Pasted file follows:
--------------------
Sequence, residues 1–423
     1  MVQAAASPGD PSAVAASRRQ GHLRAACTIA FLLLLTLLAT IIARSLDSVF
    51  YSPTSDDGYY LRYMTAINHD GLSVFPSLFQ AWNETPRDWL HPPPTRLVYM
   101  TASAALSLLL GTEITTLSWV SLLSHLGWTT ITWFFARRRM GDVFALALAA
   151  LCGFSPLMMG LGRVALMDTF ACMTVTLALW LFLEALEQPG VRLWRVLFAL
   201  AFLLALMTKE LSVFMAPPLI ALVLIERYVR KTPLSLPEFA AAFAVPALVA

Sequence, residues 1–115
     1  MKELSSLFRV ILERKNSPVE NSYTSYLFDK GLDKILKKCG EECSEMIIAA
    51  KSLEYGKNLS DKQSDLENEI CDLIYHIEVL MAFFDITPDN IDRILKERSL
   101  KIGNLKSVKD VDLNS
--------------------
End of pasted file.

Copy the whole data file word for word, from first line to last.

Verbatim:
Sequence, residues 1–423
     1  MVQAAASPGD PSAVAASRRQ GHLRAACTIA FLLLLTLLAT IIARSLDSVF
    51  YSPTSDDGYY LRYMTAINHD GLSVFPSLFQ AWNETPRDWL HPPPTRLVYM
   101  TASAALSLLL GTEITTLSWV SLLSHLGWTT ITWFFARRRM GDVFALALAA
   151  LCGFSPLMMG LGRVALMDTF ACMTVTLALW LFLEALEQPG VRLWRVLFAL
   201  AFLLALMTKE LSVFMAPPLI ALVLIERYVR KTPLSLPEFA AAFAVPALVA

Sequence, residues 1–115
     1  MKELSSLFRV ILERKNSPVE NSYTSYLFDK GLDKILKKCG EECSEMIIAA
    51  KSLEYGKNLS DKQSDLENEI CDLIYHIEVL MAFFDITPDN IDRILKERSL
   101  KIGNLKSVKD VDLNS